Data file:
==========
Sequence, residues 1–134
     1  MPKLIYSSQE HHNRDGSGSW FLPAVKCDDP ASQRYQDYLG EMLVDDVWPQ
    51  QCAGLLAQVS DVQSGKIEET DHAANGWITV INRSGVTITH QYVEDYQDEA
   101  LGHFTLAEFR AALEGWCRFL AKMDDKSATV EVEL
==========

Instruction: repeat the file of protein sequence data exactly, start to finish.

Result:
Sequence, residues 1–134
     1  MPKLIYSSQE HHNRDGSGSW FLPAVKCDDP ASQRYQDYLG EMLVDDVWPQ
    51  QCAGLLAQVS DVQSGKIEET DHAANGWITV INRSGVTITH QYVEDYQDEA
   101  LGHFTLAEFR AALEGWCRFL AKMDDKSATV EVEL